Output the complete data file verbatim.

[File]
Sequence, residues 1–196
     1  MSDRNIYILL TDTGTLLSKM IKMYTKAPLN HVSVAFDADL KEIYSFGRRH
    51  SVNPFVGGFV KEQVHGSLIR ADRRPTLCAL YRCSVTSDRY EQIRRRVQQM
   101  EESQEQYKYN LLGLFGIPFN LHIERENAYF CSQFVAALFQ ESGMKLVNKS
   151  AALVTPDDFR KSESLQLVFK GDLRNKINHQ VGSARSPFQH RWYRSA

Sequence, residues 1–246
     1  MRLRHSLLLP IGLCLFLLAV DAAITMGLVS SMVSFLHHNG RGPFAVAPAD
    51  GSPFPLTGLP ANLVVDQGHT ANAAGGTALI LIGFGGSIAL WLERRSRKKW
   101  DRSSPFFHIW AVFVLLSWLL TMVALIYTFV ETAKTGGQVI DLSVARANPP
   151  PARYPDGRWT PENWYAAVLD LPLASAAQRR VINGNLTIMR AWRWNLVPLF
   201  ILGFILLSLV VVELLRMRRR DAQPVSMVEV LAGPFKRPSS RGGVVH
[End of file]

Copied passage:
Sequence, residues 1–196
     1  MSDRNIYILL TDTGTLLSKM IKMYTKAPLN HVSVAFDADL KEIYSFGRRH
    51  SVNPFVGGFV KEQVHGSLIR ADRRPTLCAL YRCSVTSDRY EQIRRRVQQM
   101  EESQEQYKYN LLGLFGIPFN LHIERENAYF CSQFVAALFQ ESGMKLVNKS
   151  AALVTPDDFR KSESLQLVFK GDLRNKINHQ VGSARSPFQH RWYRSA

Sequence, residues 1–246
     1  MRLRHSLLLP IGLCLFLLAV DAAITMGLVS SMVSFLHHNG RGPFAVAPAD
    51  GSPFPLTGLP ANLVVDQGHT ANAAGGTALI LIGFGGSIAL WLERRSRKKW
   101  DRSSPFFHIW AVFVLLSWLL TMVALIYTFV ETAKTGGQVI DLSVARANPP
   151  PARYPDGRWT PENWYAAVLD LPLASAAQRR VINGNLTIMR AWRWNLVPLF
   201  ILGFILLSLV VVELLRMRRR DAQPVSMVEV LAGPFKRPSS RGGVVH